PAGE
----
Let’s Talk About Cloud Strife’s Hair in SUPER SMASH BROS.

By this point, you’ve probably heard: against all odds, and against all predictions, Cloud Strife is in Super Smash Bros. for Nintendo 3DS & Wii U. The very symbol of Square Enix (back then Squaresoft)’s departure from Nintendo consoles, and the most popular Final Fantasy ever, now challenges Nintendo’s greatest icons. I’m not going to show you a hype reaction video (all of my hype tends to be inward), but if you want to see one, this is my favorite.

Instead, I want to talk about this:

smash-cloud-ffvii smash-cloud-adventchildren

(No, I did not purposely use the Japanese trailer, it was just up on the Japanese Smash Bros. page first.)

As you’ve probably noticed, you have the choice between Final Fantasy VII Cloud and Advent Children Cloud. However, what impresses me is that Cloud’s hair is more realistic-looking in his Advent Children model.

That was totally unnecessary to do, but it’s this kind of attention that I love about Super Smash Bros. One aspect of Advent Children is that it updated the designs of the FFVII characters, showing off in the process the advances in 3D graphics that had developed since 1997. What I find especially impressive about this is the fact that the game ends up embracing both versions. While Cloud isn’t blocky like the Akira from Virtua Fighter Mii Costume, there’s still that sense of not just a different hair style but a more polygonal one.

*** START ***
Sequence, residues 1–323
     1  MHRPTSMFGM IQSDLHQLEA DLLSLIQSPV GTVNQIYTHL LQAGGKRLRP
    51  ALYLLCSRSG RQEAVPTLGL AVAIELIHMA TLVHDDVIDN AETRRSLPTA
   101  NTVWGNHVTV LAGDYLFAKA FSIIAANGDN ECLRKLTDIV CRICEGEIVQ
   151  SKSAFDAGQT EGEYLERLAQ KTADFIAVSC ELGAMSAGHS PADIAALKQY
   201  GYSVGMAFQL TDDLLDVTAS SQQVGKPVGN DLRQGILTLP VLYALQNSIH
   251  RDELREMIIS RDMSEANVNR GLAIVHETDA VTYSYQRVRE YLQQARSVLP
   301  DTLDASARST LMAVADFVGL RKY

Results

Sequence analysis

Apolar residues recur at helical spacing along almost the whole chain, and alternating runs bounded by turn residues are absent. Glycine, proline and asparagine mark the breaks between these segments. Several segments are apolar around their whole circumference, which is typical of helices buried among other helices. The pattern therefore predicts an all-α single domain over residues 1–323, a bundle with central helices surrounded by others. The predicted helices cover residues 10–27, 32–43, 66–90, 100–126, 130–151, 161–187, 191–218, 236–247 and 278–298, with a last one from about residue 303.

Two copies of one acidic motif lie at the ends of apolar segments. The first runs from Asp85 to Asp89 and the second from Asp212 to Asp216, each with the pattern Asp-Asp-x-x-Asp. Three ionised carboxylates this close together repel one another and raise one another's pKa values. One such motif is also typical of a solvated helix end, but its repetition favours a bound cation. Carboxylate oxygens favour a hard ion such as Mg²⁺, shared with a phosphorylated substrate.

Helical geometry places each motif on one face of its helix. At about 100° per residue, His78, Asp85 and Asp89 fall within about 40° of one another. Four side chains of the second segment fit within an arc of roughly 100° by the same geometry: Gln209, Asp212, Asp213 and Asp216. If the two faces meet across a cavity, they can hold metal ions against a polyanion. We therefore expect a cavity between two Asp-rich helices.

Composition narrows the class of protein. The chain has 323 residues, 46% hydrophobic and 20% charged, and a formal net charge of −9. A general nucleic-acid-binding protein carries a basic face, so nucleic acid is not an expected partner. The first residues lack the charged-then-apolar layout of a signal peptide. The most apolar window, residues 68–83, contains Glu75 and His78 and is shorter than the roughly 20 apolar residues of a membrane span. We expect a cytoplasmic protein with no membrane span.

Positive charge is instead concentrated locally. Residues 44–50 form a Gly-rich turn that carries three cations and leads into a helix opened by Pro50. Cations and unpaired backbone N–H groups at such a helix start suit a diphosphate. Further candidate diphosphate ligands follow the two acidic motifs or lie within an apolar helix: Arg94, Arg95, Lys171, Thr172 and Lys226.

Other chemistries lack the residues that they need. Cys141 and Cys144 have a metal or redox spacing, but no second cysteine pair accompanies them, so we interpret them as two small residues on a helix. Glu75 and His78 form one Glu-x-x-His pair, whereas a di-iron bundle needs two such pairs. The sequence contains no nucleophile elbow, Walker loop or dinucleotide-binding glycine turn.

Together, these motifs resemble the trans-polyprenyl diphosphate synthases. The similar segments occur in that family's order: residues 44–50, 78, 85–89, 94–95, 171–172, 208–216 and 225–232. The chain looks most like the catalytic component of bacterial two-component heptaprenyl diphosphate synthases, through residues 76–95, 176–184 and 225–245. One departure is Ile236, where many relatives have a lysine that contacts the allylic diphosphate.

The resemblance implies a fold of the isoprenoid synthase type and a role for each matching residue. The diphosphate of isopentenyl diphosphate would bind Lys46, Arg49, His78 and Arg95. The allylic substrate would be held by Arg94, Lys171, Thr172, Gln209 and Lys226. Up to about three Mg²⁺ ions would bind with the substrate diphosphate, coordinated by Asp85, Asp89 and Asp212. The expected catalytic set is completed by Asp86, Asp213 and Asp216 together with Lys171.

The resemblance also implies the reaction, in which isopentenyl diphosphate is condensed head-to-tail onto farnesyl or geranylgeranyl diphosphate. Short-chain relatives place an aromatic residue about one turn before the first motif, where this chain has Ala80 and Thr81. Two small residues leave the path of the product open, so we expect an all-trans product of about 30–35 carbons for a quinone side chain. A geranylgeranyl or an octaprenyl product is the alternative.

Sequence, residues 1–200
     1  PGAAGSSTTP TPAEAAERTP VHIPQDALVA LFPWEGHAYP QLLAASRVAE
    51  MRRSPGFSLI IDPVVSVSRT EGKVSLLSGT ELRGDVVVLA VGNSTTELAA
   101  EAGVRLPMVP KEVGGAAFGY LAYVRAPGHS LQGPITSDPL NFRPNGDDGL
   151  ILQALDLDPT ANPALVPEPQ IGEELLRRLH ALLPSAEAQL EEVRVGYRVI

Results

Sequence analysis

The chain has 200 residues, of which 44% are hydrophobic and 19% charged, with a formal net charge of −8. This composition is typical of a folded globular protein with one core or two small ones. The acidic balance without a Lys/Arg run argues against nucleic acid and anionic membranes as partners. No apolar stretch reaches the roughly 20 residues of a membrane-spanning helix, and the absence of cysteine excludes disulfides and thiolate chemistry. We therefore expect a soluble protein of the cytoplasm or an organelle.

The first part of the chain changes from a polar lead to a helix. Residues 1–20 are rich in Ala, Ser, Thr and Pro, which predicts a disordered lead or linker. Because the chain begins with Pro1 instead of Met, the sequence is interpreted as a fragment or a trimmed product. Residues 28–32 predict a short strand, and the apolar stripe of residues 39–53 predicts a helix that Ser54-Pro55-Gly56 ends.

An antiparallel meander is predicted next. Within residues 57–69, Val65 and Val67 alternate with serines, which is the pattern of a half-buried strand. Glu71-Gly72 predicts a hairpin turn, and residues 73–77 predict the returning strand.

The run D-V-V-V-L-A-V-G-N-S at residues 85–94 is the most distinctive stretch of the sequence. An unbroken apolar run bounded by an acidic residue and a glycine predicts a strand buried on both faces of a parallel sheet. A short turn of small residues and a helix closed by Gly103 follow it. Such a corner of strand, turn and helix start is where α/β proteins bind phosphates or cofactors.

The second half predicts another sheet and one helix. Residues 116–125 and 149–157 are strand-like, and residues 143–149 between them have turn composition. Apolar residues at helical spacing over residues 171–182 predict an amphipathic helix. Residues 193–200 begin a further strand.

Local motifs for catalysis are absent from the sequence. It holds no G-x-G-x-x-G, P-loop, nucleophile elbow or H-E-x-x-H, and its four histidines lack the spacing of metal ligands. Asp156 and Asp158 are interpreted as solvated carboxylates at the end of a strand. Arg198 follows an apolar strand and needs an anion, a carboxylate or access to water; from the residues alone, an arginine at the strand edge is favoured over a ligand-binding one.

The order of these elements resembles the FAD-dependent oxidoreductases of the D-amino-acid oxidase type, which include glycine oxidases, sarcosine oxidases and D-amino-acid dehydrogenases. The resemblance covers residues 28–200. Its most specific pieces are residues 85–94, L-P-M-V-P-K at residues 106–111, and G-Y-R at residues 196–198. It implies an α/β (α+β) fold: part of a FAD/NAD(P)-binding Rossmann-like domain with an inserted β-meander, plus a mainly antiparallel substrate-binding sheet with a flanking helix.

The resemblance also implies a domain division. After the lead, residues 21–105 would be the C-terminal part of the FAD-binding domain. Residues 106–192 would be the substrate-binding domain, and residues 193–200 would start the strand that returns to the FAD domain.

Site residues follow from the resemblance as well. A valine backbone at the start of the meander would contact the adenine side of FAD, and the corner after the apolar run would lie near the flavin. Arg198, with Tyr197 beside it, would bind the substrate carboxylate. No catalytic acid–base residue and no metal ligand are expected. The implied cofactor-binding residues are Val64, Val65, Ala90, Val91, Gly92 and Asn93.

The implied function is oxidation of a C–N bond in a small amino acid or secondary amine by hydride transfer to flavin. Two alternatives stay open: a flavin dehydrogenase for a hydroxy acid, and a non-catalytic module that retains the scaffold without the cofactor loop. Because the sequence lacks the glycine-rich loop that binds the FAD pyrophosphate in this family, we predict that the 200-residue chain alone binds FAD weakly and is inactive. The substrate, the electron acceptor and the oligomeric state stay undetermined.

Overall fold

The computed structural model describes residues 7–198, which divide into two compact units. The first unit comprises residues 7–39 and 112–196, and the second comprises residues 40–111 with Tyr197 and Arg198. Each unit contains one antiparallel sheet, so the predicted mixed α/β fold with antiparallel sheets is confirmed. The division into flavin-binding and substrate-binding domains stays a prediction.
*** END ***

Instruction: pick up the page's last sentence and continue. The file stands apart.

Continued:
Then again, given Little Mac’s wireframe model, this is exactly the sort of thing I should have expected…if I had expected Cloud at all.

Who’s even left at this point? Who could even top the surprise factor of this? At this point I’m calling Pitfall Harry, the first side-scrolling platform hero.

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Vistas: Final Fantasy Advent Children & Character Camera

I’ve written a post concerning Final Fantasy: Advent Children as part of our “multi-vistas” category at the Vistas blog, where everyone on the blog takes a look at the same work and writes a response. Mine is about the character-centric visuals of Advent Children as well as some personal elements, while my colleagues have written about Advent Children as Fantasy vs. Science Fiction and the lack of discrete visibility in its action scenes and its possibilities.